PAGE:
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Please read Matthew 2:1-8.

Micah 5:2, “But thou, Bethlehem Ephratah, though thou be little among the thousands of Judah, yet out of thee shall he come forth unto me that is to be ruler in Israel; whose goings forth have been from of old, from everlasting.”

Ephratah is the ancient word for Bethlehem, and both names refer to the fertile land in the area. Bethlehem means “House of Bread,” and Ephratah means “fruitful.”

This was also the birthplace of King David according to 1 Samuel 16:1: “And the LORD said unto Samuel, How long wilt thou mourn for Saul, seeing I have rejected him from reigning over Israel? fill thine horn with oil, and go, I will send thee to Jesse the Bethlehemite: for I have provided me a king among his sons.”

Certainly, “House of Bread” and “fruitful” are good words to describe not only the richness of the land but also the heritage of David and Jesus. Bethlehem, the City of David and a town in Judah, is one of the oldest in all of Palestine. Bethlehem was formerly called Ephratah and is located five miles south of Jerusalem. Of course, we understand that Jesus Christ is eternal; however, as to His humanity, He was born in Bethlehem. Though Jesus was born in Bethlehem, the Son was from everlasting: Though thou be little among the thousands of Judah,” or though you are the least among the families of Judah, out of you will come One who will be Ruler of Israel; whose coming has been planned for eternity, indicating the eternality of the Messiah according to Habakkuk 1:12: “Art thou not from everlasting, O LORD my God, mine Holy One? we shall not die. O LORD, thou hast ordained them for judgment; and, O mighty God, thou hast established them for correction.”

Notice the fulfillment of the prophecy of Micah in Matthew 2:6: “And thou Bethlehem, in the land of Juda, art not the least among the princes of Juda: for out of thee shall come a Governor, that shall rule my people Israel.”

This verse proves that God appointed the coming of Christ from eternity past. Some believe that verse six should be placed in verse one, and the first five verses should be at the end of chapter one.

Notice in Micah 5:2 it says, “thousands of Judah” and in Matthew 2:6 it says, “the princes of Juda.” There is reason to believe that each tribe was divided into small families or groups called thousands, and these could have been the rulers of Judah.  Matthew uses the terms princes and Governor because the Greeks more readily understood them than thousands.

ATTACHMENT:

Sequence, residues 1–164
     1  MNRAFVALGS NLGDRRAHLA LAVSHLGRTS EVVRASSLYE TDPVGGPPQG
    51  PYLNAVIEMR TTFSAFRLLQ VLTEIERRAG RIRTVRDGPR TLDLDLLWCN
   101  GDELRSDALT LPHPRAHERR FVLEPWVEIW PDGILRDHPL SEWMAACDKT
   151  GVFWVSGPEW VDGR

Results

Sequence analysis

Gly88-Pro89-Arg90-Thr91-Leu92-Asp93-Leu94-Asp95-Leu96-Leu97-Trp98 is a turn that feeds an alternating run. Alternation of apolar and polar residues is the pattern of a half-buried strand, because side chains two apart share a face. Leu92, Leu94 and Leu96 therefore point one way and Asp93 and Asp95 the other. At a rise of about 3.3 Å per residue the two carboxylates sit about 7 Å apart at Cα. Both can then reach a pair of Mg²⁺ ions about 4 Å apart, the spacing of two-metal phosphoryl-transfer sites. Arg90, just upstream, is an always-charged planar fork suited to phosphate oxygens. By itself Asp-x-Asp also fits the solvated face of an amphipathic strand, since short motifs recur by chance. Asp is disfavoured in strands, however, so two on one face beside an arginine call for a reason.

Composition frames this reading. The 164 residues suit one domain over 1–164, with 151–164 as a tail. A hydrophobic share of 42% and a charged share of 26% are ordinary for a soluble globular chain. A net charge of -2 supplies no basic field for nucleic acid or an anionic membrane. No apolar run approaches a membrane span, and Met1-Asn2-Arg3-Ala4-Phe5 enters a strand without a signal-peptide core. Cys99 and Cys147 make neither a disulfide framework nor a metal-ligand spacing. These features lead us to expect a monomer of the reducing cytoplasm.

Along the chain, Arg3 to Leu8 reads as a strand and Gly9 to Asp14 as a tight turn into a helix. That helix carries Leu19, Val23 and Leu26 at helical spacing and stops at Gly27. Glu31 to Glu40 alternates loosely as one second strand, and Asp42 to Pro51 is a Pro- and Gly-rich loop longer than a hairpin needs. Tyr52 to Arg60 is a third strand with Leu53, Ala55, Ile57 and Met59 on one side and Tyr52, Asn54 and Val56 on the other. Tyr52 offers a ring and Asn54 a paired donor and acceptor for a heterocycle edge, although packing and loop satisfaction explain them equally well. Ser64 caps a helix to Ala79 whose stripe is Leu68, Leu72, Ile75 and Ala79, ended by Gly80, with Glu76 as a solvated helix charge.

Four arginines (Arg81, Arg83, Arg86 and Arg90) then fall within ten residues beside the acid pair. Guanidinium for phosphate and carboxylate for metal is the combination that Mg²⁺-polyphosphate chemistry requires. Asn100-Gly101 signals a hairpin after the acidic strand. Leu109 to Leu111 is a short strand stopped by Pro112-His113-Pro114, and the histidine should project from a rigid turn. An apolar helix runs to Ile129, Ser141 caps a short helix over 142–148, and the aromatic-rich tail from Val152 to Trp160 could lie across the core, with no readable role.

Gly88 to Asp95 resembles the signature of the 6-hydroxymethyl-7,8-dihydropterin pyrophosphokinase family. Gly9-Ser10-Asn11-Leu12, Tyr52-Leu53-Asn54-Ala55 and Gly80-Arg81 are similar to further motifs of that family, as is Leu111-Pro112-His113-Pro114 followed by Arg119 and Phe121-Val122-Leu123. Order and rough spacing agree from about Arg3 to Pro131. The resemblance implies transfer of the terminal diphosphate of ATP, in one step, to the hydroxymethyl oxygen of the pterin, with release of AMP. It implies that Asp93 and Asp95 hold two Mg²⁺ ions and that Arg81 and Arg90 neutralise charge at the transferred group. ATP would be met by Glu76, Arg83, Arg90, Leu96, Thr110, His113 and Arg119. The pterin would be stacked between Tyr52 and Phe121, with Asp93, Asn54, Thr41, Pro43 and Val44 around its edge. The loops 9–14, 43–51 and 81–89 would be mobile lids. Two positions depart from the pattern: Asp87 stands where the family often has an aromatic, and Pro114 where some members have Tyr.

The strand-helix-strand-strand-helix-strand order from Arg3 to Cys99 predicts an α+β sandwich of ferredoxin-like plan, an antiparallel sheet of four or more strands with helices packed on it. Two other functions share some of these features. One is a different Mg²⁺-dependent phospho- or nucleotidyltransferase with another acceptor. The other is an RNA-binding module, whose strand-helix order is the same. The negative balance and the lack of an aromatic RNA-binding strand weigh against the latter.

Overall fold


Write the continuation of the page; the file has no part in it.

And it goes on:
“That shall rule my people Israel” alludes to a shepherd feeding his flock, or He will feed my people as a shepherd feeds his flock. Surprisingly, in the Greek kings are often referred to as “shepherds of the people.” This title probably originated with David, who not only was a keeper of the sheep for his father, a shepherd of the people, but also a type of Christ. 

God obviously inspired Micah to use the expression, “whose goings forth have been from of old,” to say that from the foundation of the world there have been manifestations of Messiah. Not only was He the Chief Shepherd to feed the people, but He was also the hope of salvation in every age.

“From everlasting” that is, there has never been a time when He was not going forth to save souls. As Jesus was before all things, Creator of all things, so He is eternal; and therefore He is God.

John 1:1-3, “In the beginning was the Word, and the Word was with God, and the Word was God. The same was in the beginning with God. All things were made by him; and without him was not any thing made that was made.”

Think about the fact that Jesus came into the world with nothing; He left the world with nothing, yet all things were His! Jesus is equal with God the Father; therefore, He is eternal, and He is the greatest of all gifts.